A statement from Mr Erdogan’s office on Saturday said he would travel to Brussels on March 9. Although the precise nature of the summit was not specified, the Turkish leader is likely to unleash a furious response over how the bloc has handled the ongoing migrant situation as tensions soar on the Turkey-Greece border.
Mr Erdogan’s announcement came hours after EU foreign ministers savaged Turkey during a meeting in Croatia on Friday.
During the emergency Zagreb summit on Friday, EU27 foreign ministers railed against the Turkish leader.
Stef Blok, the Dutch foreign minister, said: “We should not react to the pressure that Turkey is exerting on us by offering them more money under pressure.”
And Josep Borrell, Brussels’ top diplomat, hit out at Mr Erdogan’s threats, savaging them as an “unacceptable way to push for further support”, according to the Financial Times.
Setting the stage for a blistering standoff in Brussels, Greece’s foreign minister insisted there was clear evidence Turkey “created and orchestrated” the migration chaos.
Nikos Dendias said: “The EU will not allow the instrumentalisation of human suffering.”
The Turkish leader stands accused by the bloc of using the migrants’ desperation as a form of blackmail “for political purposes”.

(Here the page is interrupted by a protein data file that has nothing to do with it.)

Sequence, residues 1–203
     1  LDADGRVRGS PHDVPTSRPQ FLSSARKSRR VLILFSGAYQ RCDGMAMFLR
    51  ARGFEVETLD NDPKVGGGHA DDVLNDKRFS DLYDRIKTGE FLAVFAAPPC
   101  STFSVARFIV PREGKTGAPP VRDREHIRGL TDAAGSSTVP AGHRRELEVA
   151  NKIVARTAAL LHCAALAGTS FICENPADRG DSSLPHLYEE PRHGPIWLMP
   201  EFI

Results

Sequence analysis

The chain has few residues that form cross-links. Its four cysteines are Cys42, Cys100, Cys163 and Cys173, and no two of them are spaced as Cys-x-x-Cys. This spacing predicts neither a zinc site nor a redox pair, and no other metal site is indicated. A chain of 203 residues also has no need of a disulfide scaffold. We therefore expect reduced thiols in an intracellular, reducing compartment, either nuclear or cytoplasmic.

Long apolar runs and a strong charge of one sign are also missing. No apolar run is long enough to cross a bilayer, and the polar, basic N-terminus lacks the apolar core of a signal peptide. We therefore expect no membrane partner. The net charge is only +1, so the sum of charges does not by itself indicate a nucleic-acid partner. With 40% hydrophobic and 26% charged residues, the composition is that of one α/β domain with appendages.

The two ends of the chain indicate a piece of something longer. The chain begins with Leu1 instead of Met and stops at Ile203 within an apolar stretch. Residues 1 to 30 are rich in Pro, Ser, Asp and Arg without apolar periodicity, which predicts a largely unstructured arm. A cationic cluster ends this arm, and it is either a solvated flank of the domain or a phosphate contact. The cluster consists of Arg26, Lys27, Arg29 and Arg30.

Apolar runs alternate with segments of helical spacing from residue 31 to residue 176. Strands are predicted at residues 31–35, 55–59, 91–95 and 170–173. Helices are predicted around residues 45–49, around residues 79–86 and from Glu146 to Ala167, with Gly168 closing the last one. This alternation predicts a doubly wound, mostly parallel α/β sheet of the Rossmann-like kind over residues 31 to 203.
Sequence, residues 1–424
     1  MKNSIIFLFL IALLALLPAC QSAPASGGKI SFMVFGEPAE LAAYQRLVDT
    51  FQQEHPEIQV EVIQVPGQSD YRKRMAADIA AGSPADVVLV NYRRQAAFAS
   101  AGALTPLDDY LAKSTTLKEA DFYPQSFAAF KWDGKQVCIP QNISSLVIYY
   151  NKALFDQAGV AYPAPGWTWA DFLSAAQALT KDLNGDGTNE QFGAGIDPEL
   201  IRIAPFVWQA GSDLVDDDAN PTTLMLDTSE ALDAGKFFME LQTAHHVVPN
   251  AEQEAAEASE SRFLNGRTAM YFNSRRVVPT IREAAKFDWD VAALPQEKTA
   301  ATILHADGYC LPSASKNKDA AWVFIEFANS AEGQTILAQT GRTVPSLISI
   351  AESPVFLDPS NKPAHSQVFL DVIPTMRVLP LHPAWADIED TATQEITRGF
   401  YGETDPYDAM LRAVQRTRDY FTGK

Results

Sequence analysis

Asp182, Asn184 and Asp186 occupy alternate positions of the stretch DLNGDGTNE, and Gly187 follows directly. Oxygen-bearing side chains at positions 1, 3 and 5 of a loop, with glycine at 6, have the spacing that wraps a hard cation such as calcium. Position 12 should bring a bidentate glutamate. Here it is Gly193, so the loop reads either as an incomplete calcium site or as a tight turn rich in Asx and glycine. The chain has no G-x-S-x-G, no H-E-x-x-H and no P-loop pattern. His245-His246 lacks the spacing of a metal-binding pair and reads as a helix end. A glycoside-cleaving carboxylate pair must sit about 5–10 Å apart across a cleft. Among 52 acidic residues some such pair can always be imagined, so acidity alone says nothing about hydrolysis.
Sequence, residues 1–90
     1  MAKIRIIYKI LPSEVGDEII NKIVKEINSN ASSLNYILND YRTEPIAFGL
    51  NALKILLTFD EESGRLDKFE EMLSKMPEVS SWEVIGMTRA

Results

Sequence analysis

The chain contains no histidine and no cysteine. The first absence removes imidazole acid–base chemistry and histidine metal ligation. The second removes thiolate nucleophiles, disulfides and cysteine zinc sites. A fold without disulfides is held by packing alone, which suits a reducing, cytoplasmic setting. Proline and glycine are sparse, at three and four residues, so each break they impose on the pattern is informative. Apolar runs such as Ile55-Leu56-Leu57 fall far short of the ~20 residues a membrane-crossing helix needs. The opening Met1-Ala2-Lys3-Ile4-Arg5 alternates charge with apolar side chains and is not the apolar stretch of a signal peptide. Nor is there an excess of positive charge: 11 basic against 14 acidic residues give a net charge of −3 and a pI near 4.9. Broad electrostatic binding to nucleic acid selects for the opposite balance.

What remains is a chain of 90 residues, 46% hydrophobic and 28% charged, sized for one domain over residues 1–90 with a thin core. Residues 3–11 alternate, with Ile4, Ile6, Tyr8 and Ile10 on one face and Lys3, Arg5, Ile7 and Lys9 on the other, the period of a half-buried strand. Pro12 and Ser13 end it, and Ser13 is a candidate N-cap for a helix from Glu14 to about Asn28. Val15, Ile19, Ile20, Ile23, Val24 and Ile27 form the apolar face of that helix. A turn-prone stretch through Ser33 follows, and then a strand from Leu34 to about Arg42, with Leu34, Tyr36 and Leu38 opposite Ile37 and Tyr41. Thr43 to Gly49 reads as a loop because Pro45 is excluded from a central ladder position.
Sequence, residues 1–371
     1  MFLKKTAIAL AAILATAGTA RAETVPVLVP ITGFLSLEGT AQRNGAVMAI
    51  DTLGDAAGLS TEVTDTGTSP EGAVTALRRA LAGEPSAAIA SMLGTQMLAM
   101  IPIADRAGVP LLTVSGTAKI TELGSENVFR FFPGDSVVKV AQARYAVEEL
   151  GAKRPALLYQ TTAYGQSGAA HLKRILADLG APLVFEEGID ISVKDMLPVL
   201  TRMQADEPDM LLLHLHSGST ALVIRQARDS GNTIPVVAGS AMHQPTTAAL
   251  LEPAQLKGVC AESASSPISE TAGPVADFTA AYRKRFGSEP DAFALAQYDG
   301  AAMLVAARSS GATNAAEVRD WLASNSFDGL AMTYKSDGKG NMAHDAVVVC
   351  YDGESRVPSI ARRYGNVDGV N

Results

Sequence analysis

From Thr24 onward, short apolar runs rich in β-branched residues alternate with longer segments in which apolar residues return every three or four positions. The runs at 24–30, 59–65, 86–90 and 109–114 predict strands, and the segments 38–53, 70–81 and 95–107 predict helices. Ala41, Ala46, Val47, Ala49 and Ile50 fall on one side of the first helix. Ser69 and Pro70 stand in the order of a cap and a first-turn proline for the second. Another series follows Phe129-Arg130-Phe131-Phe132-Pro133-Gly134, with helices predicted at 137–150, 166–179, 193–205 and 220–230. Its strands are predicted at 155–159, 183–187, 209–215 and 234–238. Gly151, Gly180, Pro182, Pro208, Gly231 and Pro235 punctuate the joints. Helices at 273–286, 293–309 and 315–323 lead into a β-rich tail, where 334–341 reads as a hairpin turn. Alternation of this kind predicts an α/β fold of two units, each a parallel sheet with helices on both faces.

Intense clashes have erupted between Greek police and Europe-bound migrants gathered on the Turkey side of a border crossing near the Greek village of Kastanies.
Desperate migrants have faced riot police and brutal skirmishes as tensions reach fever pitch in the region.
In a controversial move, riot police used tear gas and a water cannon to drive back migrants trying to cross the border.
Of the clashes, Turkey’s statement said: “Attempts at illegal entry into Greek territory were prevented by Greek forces, which repaired the fence and used sirens and loudspeakers.”
Mr Erdogan has furiously demanded Europe should bear more of the burden from the crisis, which has come about largely due to the raging civil war in Syria.
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The Turkish leader insisted Turkey would no longer be the gatekeeper for Europe as the nation is already struggling with more than 3.5 million Syrian refugees.
Turkey’s coastguard has said on the orders of Mr Erdogan it would stop letting migrants set sail for Greece “because it is dangerous”.
The coastguard said: “The approach of not intervening against migrants wishing to leave Turkey remains in practice but this new approach covers sea crossings because of the dangers.”
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